So our flight is booked for Sunday 12th September. It’s a night flight with BA so we’ll be arriving home early Monday, the day before Alfie’s birthday.
I’m looking forward to it but I also have mixed feelings. Now it’s imminent, I’m actually sad our adventure here is coming to a close. I find it hard to imagine being back at no 19 where I can simply walk out the door and stroll around safely. Not have to make sure all the windows and doors are closed so that the monkeys can’t get in (to be fair, we don’t worry about monkeys in Nairobi, only when we are elsewhere but it quickly becomes a habit). Of course making sure everything is triple locked is a way of life here. I do wonder what would happen if there was a fire when there are grilles on all the windows and doors, the main ones of which are latched with a padlock for extra protection. Doesn’t bear thinking about. I shan’t miss the traffic. Or the random public holidays; on Friday they “promulgated the constitution” here and invited all of Africa’s great and good to come and take part. So of course they closed all the main roads in the city from Wednesday onwards for rehearsals. Eh? I mean can you imagine closing Trafalgar Square for 3 days with only a few hours notice? Random, as is so much else here in Kenya.
I will definitely miss Pamela as will Alfie, heaps and heaps. How to explain to a one year old when people simply appear and disappear out of his life? And the fact that we can eat out and eat well as often as we like. (Not sure I mentioned this but fillet steak is the cheapest cut here and even the most unassuming cafes make delicious bread and fantastic salads.)
I’m slightly dreading being back and having to keep house and look after Alfie without help. It does make such a difference being able to sit down and write this at leisure, for example. Though I feel I would have achieved a lot more if the bloody internet connection wasn’t so appalling. That drives me mad, as does the traffic. But the people are lovely, friendly, helpful and interested. And so fabulous with Alfie; he beams with delight when he sees the askari for example, who spends patient hours helping him to walk around the car park and even, oh treats of treats, lets him play with the padlocks and bolts on the gate now and again. (Another obsession of Alfie’s at the moment).
I think what I love about Kenya is the obvious mix of ‘primitive’ and ‘civilisation’. It’s everywhere you look and most poignantly displayed on the roads. Miles of pockmarked tarmac with gleaming 4×4’s and heaps of people patiently walking to work alongside it. Black tarmac, red, red soil and silver bright Pajero’s. Speeding muzungu (white person) or mehindi (Indians) and poor, disabled, blind, begging blacks. Or the stereotypical Kenyan out for a quick buck, selling anything from the paper to their grandmother. All available and visible on the streets every day, every hour.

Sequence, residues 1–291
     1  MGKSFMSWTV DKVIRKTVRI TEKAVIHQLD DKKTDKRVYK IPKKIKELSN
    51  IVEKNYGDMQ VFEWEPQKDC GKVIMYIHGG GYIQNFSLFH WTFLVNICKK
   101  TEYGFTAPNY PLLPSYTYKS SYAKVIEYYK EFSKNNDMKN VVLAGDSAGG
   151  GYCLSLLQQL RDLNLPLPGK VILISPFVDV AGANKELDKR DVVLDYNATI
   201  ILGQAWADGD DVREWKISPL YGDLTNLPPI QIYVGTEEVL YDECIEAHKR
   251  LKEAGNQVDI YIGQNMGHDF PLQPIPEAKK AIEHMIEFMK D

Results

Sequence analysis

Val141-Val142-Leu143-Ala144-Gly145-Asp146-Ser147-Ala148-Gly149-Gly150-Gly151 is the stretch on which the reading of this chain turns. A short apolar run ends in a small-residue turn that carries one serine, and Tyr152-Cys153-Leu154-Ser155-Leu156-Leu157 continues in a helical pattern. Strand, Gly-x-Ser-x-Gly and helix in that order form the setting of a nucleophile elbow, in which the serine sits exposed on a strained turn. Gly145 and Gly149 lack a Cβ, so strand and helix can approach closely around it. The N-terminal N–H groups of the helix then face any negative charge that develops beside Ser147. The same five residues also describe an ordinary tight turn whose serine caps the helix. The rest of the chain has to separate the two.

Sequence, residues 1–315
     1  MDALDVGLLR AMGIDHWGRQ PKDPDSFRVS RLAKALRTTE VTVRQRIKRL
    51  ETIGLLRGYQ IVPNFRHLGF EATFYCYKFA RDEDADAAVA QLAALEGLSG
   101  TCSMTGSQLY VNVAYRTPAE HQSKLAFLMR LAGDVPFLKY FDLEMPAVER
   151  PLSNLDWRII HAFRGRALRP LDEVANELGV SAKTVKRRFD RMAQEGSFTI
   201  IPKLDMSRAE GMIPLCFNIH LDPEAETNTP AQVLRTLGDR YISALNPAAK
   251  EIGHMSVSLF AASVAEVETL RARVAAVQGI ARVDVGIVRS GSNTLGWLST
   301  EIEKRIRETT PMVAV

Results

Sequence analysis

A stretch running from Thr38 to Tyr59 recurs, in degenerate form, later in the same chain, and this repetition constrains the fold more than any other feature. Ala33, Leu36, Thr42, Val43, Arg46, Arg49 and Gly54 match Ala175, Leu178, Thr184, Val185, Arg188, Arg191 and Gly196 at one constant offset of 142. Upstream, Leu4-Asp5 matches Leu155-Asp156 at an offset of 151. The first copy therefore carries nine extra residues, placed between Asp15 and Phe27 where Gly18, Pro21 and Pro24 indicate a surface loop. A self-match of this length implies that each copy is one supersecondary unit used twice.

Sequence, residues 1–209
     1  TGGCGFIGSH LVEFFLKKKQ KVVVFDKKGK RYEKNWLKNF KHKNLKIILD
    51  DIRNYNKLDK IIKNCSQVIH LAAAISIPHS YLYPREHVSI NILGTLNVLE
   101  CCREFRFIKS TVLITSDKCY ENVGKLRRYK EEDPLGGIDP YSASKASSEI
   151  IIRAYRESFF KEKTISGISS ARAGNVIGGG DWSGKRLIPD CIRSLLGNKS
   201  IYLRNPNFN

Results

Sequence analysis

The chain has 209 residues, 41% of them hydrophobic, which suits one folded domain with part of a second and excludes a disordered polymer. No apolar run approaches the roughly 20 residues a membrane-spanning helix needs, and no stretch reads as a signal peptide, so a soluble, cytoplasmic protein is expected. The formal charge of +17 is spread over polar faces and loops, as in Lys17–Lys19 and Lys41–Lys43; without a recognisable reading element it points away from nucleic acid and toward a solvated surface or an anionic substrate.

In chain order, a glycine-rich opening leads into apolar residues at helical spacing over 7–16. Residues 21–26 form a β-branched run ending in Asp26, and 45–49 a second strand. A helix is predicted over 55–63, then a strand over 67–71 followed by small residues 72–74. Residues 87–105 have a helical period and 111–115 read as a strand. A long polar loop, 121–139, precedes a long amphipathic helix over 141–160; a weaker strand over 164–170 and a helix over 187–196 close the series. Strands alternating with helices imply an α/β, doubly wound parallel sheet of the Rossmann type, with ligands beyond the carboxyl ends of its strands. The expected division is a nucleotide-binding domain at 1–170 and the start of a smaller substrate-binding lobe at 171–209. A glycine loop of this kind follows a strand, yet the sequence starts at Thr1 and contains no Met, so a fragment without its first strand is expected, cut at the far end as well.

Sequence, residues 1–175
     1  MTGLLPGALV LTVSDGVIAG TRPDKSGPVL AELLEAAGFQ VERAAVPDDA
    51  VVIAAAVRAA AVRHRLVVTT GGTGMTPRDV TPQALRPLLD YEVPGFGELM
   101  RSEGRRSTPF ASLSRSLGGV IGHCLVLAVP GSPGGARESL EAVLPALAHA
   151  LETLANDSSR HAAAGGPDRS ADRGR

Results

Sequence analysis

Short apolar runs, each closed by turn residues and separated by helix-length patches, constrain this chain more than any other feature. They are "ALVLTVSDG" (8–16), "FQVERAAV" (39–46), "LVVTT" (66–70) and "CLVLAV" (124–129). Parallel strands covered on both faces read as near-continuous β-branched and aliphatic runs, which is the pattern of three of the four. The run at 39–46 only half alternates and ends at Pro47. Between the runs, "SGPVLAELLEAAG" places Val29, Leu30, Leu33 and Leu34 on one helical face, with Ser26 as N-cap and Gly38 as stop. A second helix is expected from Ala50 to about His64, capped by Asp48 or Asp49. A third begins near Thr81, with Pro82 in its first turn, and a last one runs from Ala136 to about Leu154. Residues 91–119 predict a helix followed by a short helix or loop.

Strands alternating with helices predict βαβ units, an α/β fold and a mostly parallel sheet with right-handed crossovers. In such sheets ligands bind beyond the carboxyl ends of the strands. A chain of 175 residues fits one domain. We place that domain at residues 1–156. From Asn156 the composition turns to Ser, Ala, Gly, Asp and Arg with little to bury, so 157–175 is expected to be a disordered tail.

And there is such an air of possibility here. I guess a little like a newly minted nation, which in some ways Kenya is. That indefinable something that gives you confidence that you can achieve what you want, because anything is possible. And they do say; if you can’t buy it you can have it made. Which is also true.
And I do feel that 2 months is a funny time to be away. Too long for an extended holiday yet not long enough to invest in people, places and things. Kind of in limbo. But it’s given me a good insight into what life could be like living abroad and I must say I like it. I don’t think it would suit everyone but I’m a ‘joiner’; happy to join groups doing anything from childcare to adult learning, dancing to gossip and determined to make myself useful. My voluntary work has opened my eyes to all sorts of insights for example, more of which in another blog entry.
So every day I find something to miss, and something to be glad to be rid of! I can’t wait to come home and tell you all about it in person and only hope I can remember it all. Best of all, Alfie seems to have had a ball and has met such a variety of people and had such adventures; we’ve really come together as a family and he is developing at a rapid pace. Of course this would have happened at home as well, but it does feel special being able to introduce him to animals that, for example, we sing about and play with and watch on TV every day. (Has anyone else noticed how many elephants and giraffe and lions are part of children’s rhymes and stories?)
So our adventure is coming to an end for now. But at least we know we can do it and despite an initial settling in period (inevitably) the opportunity to live in another country is fantastically exciting and full of excitement and fun. What’s not to like?